Personal

Last day

Today is my last day at my job. Yes, the one I started in January. I start a new job on Monday.

My soon-to-be-former employer has been a decent place to work and I haven’t been unhappy. I lucked into a good boss who was helping me see some of my blind spots and was challenging me to grow as a leader.

There were things I didn’t enjoy about this company, things typical of a company in its business climate at its phase of life. And I didn’t see a growth path beyond perhaps a promotion to Senior Manager. But given that it didn’t hurt to work there, I thought I’d soak up as much experience as I could. I’m still early in my engineering-leadership career and I need to build credibility.

About eight weeks ago a recruiter from another prominent local employer of software engineers contacted me about joining them as an engineering manager. I know that this company has completed a business and technology transformation that was starting to pay off in their marketplace. They were also using more modern processes and delivery methods. That’s exciting stuff. But the job was a lateral move at the same pay and I told them that I couldn’t consider a change unless it was for a higher position and more money.

I figured that would be the last I heard from them. I was stunned when they contacted me again a couple weeks later, saying they’d recast the position one level higher with a compensation package to match.

Having worked for many software companies in this market over nearly 30 years, I know people pretty much everywhere software engineers work in central Indiana. So I contacted a couple people I know at this company and asked what they think. They were enthusiastic about the work environment and about the company’s prospects, and said I should join them.

So I went in for an interview. It went well, and they offered me the job. It was easy to say yes. This choice is right for my family now and for my career in the future.

But it feels all kinds of wrong to quit a job after just five months. Having managed people for 20 years I know full well how disruptive it is. I did not enjoy telling my boss, who has treated me well; or my team, which I enjoyed very much, that I was resigning. Fortunately, they took it well.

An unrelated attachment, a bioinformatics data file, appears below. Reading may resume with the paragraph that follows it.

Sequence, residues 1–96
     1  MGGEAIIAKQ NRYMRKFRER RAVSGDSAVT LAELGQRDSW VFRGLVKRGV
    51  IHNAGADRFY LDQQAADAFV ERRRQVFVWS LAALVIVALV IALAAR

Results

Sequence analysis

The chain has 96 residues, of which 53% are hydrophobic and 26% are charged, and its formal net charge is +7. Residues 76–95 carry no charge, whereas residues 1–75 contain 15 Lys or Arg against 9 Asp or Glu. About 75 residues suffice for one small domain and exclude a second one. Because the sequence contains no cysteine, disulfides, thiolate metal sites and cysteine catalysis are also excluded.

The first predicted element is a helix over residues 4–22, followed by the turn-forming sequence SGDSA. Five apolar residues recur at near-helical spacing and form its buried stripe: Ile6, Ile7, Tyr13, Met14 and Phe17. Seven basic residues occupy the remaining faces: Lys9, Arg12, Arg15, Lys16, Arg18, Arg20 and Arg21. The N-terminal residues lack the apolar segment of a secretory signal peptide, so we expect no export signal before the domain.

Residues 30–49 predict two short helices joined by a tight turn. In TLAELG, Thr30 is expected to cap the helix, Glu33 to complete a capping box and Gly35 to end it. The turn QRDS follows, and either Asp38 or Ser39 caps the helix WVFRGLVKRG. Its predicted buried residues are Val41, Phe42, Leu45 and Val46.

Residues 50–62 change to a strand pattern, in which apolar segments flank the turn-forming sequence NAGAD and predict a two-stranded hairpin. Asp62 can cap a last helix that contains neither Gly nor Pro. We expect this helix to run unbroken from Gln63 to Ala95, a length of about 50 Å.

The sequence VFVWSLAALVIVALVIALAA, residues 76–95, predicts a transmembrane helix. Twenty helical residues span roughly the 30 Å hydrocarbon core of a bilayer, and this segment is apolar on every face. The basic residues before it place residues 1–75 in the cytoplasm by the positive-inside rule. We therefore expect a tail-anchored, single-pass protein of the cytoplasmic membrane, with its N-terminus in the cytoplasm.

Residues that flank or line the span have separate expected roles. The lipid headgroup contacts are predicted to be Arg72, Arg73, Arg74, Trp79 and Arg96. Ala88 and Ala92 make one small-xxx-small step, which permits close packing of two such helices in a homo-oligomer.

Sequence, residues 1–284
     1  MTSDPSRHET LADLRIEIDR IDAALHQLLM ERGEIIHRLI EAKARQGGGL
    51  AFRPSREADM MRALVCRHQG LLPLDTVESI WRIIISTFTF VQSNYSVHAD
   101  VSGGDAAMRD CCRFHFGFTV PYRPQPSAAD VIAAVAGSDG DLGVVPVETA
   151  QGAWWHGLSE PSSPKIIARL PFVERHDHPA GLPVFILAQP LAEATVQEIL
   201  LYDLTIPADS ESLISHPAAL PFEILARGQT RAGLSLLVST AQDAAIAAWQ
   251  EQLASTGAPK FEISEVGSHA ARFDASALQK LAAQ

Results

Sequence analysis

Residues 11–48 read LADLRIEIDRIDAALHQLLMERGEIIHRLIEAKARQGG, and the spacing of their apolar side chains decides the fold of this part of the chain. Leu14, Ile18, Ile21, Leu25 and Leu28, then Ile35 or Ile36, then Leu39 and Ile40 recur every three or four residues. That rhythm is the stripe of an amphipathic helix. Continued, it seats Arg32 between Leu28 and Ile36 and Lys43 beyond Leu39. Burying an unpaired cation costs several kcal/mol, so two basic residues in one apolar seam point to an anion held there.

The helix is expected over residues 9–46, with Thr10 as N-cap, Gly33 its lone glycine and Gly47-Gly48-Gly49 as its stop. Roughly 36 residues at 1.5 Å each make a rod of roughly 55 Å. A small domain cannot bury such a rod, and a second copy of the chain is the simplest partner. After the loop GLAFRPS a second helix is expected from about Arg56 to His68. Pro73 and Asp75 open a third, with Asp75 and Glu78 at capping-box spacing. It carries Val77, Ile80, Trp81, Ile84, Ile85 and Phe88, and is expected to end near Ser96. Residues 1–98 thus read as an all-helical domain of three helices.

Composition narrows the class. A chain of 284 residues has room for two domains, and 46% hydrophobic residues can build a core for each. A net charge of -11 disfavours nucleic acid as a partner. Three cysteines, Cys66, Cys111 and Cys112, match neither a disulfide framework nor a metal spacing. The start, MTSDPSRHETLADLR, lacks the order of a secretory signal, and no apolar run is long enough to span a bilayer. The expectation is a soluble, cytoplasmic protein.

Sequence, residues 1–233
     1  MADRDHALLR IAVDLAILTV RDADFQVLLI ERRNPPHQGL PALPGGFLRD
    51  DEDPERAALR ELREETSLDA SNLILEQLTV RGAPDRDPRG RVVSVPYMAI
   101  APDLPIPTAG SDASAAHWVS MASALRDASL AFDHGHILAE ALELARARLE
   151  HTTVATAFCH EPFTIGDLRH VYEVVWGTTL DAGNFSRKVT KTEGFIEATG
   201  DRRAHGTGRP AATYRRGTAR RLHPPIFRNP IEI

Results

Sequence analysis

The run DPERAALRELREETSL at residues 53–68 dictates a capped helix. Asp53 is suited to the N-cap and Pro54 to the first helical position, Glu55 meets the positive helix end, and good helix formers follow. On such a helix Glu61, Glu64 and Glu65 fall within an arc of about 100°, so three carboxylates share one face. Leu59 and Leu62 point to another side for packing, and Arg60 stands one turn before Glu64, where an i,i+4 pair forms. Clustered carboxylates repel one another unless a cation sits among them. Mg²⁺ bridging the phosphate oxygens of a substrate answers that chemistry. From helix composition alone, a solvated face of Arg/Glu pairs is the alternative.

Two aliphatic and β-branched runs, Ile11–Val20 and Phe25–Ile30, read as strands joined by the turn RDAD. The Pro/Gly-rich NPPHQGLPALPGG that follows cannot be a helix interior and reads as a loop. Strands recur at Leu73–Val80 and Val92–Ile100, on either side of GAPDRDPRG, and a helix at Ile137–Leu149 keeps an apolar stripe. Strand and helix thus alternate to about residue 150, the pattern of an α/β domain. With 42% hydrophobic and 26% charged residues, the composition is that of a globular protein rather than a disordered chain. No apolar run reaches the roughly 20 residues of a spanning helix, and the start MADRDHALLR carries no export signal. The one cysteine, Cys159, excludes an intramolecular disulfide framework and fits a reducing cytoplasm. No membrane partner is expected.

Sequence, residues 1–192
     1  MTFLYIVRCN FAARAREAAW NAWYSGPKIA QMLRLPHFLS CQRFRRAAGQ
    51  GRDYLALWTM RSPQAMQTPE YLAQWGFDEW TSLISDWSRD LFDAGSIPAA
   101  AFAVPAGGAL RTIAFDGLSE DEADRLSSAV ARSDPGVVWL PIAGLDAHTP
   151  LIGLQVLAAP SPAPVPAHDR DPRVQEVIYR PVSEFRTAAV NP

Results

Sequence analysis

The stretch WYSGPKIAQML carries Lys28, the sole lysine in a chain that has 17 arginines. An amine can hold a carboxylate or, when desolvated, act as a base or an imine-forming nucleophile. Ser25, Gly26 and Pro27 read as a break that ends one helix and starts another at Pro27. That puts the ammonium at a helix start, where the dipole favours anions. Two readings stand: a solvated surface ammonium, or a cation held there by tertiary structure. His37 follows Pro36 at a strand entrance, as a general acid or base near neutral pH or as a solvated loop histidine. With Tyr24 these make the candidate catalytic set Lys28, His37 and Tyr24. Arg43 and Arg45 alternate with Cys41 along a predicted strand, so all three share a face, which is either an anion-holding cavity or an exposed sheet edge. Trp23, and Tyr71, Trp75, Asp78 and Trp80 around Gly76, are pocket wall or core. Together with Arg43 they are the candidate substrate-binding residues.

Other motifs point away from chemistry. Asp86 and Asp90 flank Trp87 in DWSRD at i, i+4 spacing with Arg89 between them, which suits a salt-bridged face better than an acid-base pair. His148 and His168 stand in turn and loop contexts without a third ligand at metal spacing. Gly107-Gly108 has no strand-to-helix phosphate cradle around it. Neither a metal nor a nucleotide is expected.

I’ll come home tonight with my things in box, which I’ll carry with me to my new job on Monday.

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42 thoughts on “Last day

  1. Wow Jim. Life in the fast lane. I am so pleased to read this post. I can honestly say I am excited for you and wish you all a smooth transition into the next phase of your life. Fabulous news. Go get em. All the best. B.

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  2. But that commute! I found myself driving past your new employer’s location (where I assume you will be, anyhow) during the leading edge of rush hour and thought of you. Major highways from point A to point B is both the good news and the bad news.

    I know that voice in your head that says you shouldn’t leave a place after 5 months. But I also remember the first senior lawyer I worked for who told me that a person needs to be fair to himself. Good luck!

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  3. Andy Umbo says:

    I salute your advancement and say “good luck”. I was always searching for the “right” group of people and corporate culture, difficult to find; and would have changed jobs at a moments notice if I thought there was an emotionally and educationally better situation. I’ve known people uprooted and moved across the country, and then let go before they could even get started ’cause the company decided to go in a “different direction”. It’s best to be on the moral and ethical high ground, but a company could let you go in a minute if they changed their minds, so ‘caveat emptor’ all around…

    Liked by 1 person

  4. DougD says:

    Congratulations, I hope this one fulfills expectations on both sides.

    On loyalty, one thing I have learned from 23 years at the same company in two tours is that they are not loyal to us, so don’t be too loyal to them. Just be fair.

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  5. analogphotobug says:

    This is very inspiring. I’m giving myself until the end of the year for a full recovery, but I’ve already been attending meetings via teleconference and know that the company I work for is spinning its wheels. Nothing exciting going on there. Time for me to move on.

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  6. Good luck Jim and enjoy yourself.

    I found myself “displaced” last year which wasn’t a happy time and I’m now in a role completely different to the one I had before. I was very nervous about the change, but the new people I’m working with are great, the work is interesting, and I’m able to use some of my old skills to improve the way my new colleagues work, which seems to be going down well.

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  7. Heide says:

    Congratulations, Jim! It’s a huge testament to your skills and work ethic that your new employer went to such lengths to hire you. It sounds like a fantastic opportunity for you! Though I can relate to your concern about leaving a job after just five months, I’m sure all of your colleagues would have done the same if given a similar choice. Well … happy first day of work on Monday!

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    • Thanks H! I did get some very nice compliments from a lot of co-workers this week about my skills and abilities. On the other hand, there’s a shortage of engineering management in this market and it makes positions hard to fill! So there’s a little from column A, and a little from column B, in why the new company came after me so hard. Check my LinkedIn on Monday for where I landed!

      Liked by 1 person

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